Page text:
A half-dozen years ago, bullets flew into the walls of St Mary Ukrainian Orthodox Church in Surrey BC (part of the Greater Vancouver Regional District). That should tell you all that you need to know about the crime, drugs, homelessness, and squalor that surround the church’s gold-coloured dome in Whalley. Rev Mykhaylo Pozdyk said, “We’re like an island amongst sinners. The picture isn’t good, but we’re proud to be here to be God’s witness”. Although he said that dying in the church would be a “great honour”, it was fortunate that no one was around at the time of the drug-related shooting spree.
The church is on 135A Street, in a two-block section that’s generally-considered Surrey’s worst stretch of pavement. When Ukrainian immigrants chose the spot for the church 50 years ago, the town centre was thriving. Today, the building’s white walls and blue-painted trim stand apart from nearby vacant lots and rundown buildings. Fr Mykhaylo said that the street people in the neighbourhood are friendly for the most part, but thefts occur and church property is sometimes destroyed, noting, “People ask for money but they usually don’t want food”.
As difficult as life is for the disadvantaged in downtown Whalley, Pozdyk saw much worse under Soviet rule in the Ukraine, where he lived until moving to Canada in 1996. He said, “Here we have more respect and value for people. Canada’s a rich country with many government programmes to help them”. He went on to say that churches were shut down for several generations in his homeland and KGB agents lurked in every village and organisation, observing, “Communists denied God’s existence”. Pozdyk was secretly married in a church in 1987 at the beginning of Mikhail Gorbachyov’s period of thaw. Ukrainian people flocked to the churches when the doors opened after independence in 1991.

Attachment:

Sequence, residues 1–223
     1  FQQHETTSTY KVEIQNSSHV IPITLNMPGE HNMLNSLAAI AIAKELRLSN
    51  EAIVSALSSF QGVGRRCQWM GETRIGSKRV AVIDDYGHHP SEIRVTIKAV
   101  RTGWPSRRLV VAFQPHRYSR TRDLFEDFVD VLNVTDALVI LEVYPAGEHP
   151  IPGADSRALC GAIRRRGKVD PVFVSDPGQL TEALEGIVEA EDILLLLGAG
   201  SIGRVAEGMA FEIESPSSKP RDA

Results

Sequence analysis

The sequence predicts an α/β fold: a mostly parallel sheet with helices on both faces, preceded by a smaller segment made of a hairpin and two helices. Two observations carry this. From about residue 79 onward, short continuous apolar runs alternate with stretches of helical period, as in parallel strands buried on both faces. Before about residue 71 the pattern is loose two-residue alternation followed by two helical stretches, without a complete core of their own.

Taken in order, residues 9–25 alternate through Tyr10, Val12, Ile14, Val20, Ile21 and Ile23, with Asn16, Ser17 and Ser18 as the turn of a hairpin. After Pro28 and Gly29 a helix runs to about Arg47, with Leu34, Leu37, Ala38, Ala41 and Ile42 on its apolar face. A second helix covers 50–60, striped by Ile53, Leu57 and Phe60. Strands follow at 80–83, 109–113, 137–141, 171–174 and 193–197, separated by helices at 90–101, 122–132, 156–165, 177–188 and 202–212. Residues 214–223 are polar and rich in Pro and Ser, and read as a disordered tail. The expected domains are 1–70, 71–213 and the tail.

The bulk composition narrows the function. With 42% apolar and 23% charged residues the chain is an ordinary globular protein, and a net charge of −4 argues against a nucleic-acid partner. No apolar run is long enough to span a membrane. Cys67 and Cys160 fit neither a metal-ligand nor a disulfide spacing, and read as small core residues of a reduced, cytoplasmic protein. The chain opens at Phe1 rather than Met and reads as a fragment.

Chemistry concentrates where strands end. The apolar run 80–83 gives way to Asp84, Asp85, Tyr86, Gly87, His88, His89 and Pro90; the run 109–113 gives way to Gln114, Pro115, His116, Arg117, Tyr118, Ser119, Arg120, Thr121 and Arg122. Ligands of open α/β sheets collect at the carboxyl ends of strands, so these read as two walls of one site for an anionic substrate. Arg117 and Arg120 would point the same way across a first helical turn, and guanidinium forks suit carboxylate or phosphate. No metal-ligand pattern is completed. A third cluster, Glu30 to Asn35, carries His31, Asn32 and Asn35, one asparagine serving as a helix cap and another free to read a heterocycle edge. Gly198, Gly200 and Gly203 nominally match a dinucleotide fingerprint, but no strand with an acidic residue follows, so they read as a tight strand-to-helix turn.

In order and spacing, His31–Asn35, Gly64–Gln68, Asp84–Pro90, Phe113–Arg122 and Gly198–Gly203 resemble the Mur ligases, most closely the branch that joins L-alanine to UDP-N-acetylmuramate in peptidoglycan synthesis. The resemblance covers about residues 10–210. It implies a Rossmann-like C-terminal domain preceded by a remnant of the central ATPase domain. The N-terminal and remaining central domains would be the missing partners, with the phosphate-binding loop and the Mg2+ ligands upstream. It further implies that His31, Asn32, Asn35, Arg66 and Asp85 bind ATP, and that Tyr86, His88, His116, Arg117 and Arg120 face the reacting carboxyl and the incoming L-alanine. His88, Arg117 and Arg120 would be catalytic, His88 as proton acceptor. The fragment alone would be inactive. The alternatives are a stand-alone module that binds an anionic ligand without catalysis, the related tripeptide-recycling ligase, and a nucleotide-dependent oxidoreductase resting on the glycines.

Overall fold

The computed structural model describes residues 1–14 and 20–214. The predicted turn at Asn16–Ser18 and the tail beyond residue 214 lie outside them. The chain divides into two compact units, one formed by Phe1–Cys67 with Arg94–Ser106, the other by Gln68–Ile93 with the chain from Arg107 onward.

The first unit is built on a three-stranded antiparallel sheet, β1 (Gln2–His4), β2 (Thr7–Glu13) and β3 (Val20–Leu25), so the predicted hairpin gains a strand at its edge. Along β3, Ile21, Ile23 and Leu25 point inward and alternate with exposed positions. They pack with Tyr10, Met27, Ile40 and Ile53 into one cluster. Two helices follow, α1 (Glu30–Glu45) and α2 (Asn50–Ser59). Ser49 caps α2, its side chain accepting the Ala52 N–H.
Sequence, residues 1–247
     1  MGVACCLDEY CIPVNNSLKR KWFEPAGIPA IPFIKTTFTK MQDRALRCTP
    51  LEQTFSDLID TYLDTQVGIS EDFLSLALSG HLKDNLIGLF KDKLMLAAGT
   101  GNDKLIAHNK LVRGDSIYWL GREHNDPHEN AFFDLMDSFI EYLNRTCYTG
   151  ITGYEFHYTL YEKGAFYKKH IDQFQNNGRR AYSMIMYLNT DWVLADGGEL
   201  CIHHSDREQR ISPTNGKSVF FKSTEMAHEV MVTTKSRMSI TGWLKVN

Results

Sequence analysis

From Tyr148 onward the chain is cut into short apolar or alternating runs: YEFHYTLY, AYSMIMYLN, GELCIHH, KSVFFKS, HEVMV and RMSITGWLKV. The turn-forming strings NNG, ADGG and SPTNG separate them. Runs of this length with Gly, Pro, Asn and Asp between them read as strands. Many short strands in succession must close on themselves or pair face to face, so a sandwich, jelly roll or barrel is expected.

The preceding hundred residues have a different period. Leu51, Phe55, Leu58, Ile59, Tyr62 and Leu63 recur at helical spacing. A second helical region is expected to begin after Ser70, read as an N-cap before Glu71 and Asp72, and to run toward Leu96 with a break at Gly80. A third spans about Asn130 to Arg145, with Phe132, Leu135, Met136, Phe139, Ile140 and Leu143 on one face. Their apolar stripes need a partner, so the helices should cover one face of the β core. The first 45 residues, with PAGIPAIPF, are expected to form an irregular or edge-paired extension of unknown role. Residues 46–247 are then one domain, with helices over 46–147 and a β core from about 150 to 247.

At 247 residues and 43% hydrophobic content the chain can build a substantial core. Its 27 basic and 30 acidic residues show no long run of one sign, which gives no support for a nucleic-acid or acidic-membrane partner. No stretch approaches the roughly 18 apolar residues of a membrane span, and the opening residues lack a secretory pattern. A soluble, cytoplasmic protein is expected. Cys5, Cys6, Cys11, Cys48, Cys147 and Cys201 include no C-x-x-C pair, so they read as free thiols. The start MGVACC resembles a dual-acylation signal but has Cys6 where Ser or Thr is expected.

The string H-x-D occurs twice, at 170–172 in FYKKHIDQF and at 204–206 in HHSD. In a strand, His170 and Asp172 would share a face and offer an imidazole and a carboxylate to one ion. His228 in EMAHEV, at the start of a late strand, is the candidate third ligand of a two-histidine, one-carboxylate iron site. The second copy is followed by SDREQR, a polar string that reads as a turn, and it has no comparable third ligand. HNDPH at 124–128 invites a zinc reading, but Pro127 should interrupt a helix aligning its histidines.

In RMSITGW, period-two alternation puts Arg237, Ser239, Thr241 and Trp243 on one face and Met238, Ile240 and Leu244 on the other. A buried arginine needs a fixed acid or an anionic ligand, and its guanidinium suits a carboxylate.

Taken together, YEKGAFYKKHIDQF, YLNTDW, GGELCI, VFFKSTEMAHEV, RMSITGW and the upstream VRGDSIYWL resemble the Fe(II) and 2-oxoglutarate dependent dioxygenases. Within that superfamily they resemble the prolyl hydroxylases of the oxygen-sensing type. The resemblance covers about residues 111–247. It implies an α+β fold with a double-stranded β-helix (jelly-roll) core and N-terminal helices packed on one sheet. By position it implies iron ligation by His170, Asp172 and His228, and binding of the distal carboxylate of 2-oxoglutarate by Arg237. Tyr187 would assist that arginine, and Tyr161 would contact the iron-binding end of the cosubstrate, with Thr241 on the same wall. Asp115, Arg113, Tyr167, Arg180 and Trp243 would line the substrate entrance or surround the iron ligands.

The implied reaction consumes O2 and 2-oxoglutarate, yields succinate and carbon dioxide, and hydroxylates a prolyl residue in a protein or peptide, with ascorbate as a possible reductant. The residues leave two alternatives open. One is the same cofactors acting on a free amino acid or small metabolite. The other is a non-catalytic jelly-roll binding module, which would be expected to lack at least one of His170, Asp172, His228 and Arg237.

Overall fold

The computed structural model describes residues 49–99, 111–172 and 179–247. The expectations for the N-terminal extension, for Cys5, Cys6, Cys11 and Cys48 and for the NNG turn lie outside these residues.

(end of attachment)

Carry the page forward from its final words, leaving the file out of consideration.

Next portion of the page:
He stated that the churches there aren’t as well attended now because people chase after the same material goals as they do in the West, saying, “As soon as you sign a mortgage, you’re a slave to the mortgage. You have no time for God”. Although Pozdyk has bought a house here, and smiles about it, he remains faithful to his spiritual duties, telling us, “We’re temporary in this world… pilgrims. Freedom you can only find in God. We glorify God for everything we have in this life. We say ‘thank you’ for the forgiveness of our sins. I’m still a sinner and I’m trying my best to grow spiritually”.
IN A NUTSHELL
What’s your congregation’s religion?
Our congregation is part of One Holy Orthodox-Catholic and Apostolic Church.
What would you put in a tweet?
We’re blessed to worship in this beautiful little church that’s on the City of Surrey Heritage Register. We welcome everyone, and we’ll treat you as best as we can.
How many people attend services?
40 to 70
Jesus is the same yesterday, today, and forever.
What’s the most beautiful thing about your church?
Praising God and worshipping Him in spirit and truth together with all the people who come here and have hope that all their names will be written in the Book of Life.
Give us your sense of what’s happening in the area around the church.
Hard-working people who were busy with supporting their families built this church between 1950 and 1955. At the same time, they worked hard to build a new place of worship. At that time, it was a good area. Now, the church finds itself on one of the poorest streets in town.
26 April 2013